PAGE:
Insurgents exploded two car bombs at the gates of the main U.S.-Iraqi headquarters in Baghdad and near major hotels Monday, killing at least 21 people and wounding 96.
In the first explosion, a four-wheel-drive vehicle packed with explosives detonated outside the heavily fortified Green Zone, the seat of the U.S. Embassy and key Iraqi government offices, Interior Ministry spokesman Col. Adnan Abdul-Rahman said. At least 15 people were killed and 81 wounded.
The second bomb targeted a convoy of 4-wheel drive vehicles leaving a complex of major hotels where foreign contractors and journalists reside.
At least six people were killed and 15 wounded, said Tahsin al-Freiji of the U.S.-trained Facility Protection Service, which guards major installations in the city.
In other developments:A militant group claimed Monday to have killed a Turkish and an Iraqi hostage, the Arab news network Al-Jazeera reported. In Italy, the family of a kidnapped Iraqi businessman said they had been notified by the Italian government that the man, Ajad Anwar Wali, had been killed by his captors in Iraq. It was not immediately known if Wali, who was a longtime resident of Italy, was the Iraqi that the Salafist Brigades claimed to have killed.
Militants released two kidnapped Indonesian women who were handed over Monday to the United Arab Emirates Embassy in Baghdad, diplomats said.
A car bomb exploded in Mosul, 225 miles northwest of Baghdad, said Capt. Angela Bowman, a military spokeswoman. Two people believed to be transporting the explosives and a civilian bystander were killed. Officials at a nearby hospital said they treated 11 people injured in the blast.
In Baqouba, a police commander was assassinated in an early morning drive-by shooting by unknown gunmen, police said. Insurgents also fired mortar rounds at Baqouba's municipal building, killing one person and wounding seven in the city 35 miles northeast of Baghdad.
In Baghdad, gunmen killed a senior official of Iraq's Sciences and Technology Ministry and a female employee near the southeastern Zayona suburb.
The headless body of a police captain, who was still in uniform, has been found in northern Iraq, police said Monday.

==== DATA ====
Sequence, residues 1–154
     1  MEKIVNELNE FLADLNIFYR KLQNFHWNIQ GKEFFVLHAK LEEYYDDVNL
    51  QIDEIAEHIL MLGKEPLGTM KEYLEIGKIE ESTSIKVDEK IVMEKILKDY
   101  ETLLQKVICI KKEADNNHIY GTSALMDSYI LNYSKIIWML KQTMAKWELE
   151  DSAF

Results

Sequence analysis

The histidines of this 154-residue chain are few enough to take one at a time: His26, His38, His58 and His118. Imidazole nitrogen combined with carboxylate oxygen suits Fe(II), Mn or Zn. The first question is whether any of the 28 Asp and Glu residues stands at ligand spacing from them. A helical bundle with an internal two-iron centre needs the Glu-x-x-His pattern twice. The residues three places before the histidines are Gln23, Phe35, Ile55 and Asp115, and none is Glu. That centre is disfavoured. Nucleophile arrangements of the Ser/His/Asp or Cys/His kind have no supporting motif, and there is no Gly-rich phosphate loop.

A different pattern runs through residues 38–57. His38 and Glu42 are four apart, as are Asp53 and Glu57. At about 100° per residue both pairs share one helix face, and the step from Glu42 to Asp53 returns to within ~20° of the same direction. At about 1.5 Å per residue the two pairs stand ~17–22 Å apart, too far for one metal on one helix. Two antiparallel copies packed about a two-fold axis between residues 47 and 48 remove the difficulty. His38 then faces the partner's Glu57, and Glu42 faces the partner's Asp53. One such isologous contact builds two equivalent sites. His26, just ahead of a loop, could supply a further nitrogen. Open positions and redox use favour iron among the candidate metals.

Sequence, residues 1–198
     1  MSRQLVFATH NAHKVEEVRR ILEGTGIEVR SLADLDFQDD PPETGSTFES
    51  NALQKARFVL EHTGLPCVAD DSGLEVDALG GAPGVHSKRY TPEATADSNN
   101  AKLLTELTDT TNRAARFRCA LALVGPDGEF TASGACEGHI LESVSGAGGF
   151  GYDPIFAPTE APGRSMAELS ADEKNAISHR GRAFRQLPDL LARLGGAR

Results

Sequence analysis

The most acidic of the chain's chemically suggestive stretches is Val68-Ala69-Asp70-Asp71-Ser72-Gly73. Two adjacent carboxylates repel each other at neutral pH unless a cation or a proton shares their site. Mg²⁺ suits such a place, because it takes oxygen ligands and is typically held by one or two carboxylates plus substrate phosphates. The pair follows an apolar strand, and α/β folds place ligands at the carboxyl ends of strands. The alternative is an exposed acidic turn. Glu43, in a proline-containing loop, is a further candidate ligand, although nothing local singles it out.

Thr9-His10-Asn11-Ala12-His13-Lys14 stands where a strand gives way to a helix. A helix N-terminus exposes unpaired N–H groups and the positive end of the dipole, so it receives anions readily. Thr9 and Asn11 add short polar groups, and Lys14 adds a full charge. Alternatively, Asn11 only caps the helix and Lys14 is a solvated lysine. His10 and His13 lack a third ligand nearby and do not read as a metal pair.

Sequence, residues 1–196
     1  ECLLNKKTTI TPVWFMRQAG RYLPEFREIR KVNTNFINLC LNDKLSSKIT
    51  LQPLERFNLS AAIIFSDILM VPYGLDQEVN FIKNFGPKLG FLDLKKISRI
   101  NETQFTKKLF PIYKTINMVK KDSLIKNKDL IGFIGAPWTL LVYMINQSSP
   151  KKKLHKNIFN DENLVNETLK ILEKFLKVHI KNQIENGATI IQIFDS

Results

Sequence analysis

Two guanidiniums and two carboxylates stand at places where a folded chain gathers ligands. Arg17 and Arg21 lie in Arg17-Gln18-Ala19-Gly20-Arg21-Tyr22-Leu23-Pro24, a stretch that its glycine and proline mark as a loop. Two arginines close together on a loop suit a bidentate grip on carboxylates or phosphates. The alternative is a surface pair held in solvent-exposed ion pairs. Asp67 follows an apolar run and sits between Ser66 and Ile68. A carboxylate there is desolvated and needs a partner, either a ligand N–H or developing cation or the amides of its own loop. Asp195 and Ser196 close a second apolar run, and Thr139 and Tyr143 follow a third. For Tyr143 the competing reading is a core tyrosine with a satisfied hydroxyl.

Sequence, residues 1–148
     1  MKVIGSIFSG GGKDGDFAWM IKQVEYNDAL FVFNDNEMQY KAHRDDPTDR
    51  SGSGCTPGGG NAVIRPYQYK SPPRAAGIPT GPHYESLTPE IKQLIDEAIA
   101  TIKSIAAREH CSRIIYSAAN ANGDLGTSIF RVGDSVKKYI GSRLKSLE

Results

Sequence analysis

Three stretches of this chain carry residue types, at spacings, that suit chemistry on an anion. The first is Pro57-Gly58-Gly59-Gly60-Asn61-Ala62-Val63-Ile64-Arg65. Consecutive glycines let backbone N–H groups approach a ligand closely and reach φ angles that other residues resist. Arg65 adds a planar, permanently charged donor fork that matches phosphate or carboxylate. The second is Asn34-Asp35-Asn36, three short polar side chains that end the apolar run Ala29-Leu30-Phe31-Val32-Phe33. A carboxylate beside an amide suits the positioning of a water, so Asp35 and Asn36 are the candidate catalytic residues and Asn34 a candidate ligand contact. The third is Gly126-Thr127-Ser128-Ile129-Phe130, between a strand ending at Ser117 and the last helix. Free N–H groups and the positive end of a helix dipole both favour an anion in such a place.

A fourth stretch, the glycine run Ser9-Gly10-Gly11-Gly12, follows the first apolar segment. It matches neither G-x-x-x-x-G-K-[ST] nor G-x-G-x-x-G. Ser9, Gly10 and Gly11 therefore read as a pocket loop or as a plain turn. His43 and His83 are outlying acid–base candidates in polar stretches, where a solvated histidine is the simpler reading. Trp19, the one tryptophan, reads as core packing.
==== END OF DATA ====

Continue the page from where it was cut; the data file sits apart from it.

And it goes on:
Poland, a key U.S. ally in Iraq, should withdraw its stabilization troops at the end of next year, the country's defense minister said in an interview published Monday — the first time that a Polish official has indicated when Warsaw might end its presence.
An expelled senior member of a key political party remained defiant Monday after an Iraqi court issued an arrest warrant against him for visiting the "enemy state" of Israel. Mithal al-Alusi, a former leading figure in the Iraqi National Congress, attended a conference on terrorism held in Israel last month and was subsequently fired from the party.
Italian Foreign Minister Franco Frattini has proposed inviting radical Shiite cleric Muqtada al-Sadr, whose militias have been fighting U.S.-led forces in Iraq, if an international conference on Iraq is convened next month, an Italian newspaper said Monday.
The British Embassy in Iraq said Monday it had no information about news reports that British hostage Kenneth Bigley has been handed over to another kidnapping group. Bigley, an engineer, was kidnapped two weeks ago in Baghdad along with two American colleagues who have since been beheaded.
The U.S. Supreme Court is declining to hear a lawyer's challenge to the government's detention of Saddam Hussein. Washington attorney Curtis Doebbler argued Saddam's detention violates numerous international laws — as well as his Fifth Amendment right "to be free of arbitrary detention."
A newspaper reports that despite doubt from some of its own experts, Bush administration officials claimed in the run-up to war that Iraq's pursuit of aluminum tubes was evidence of Saddam's nuclear ambitions.
In rebel-held Fallujah, American warplanes unleashed strikes on two houses early Monday, killing at least 11 people, hospital officials said. The military, which regularly accuses hospitals of inflating casualty figures, said the strikes targeted followers of Jordanian terror mastermind Abu Musab al-Zarqawi and their associates.
The military said a "precision strike" at about 1 a.m. hit a building where about 25 insurgents were moving weapons on the outskirts of Fallujah. Intelligence sources said insurgents were using the site to store weapons and conduct training, the military said in a statement, adding that precautions were taken to "ensure no innocent civilians were present" at the time of the strikes.
Shortly before 3:30 a.m., coalition forces struck a site where members of al-Zarqawi's network were believed to be meeting, another military statement said.
It was the latest in weeks of strikes in the city 40 miles west of Baghdad aimed at groups with links to terrorists, particularly al-Zarqawi's network. Followers of the Jordanian militant have claimed responsibility for a string of deadly bombings, kidnappings and other attacks across the country.
Monday's violence comes a day after Iraqi security forces emerged to patrol Samarra following a morale-boosting victory in the Sunni Triangle city of Samarra.
American and Iraqi commanders have declared the operation in Samarra, 60 miles northwest of Baghdad, a successful first step in a major push to wrest key areas of Iraq from insurgents before January elections.
But locals were angered by the civilian death toll.
Of the 70 dead brought to Samarra General Hospital since fighting erupted, 23 were children and 18 were women, hospital official Abdul-Nasser Hamed Yassin said Sunday. Another 160 wounded people also were treated.
"The people who were hurt most are normal people who have nothing to do with anything," said Abdel Latif Hadi, 45.
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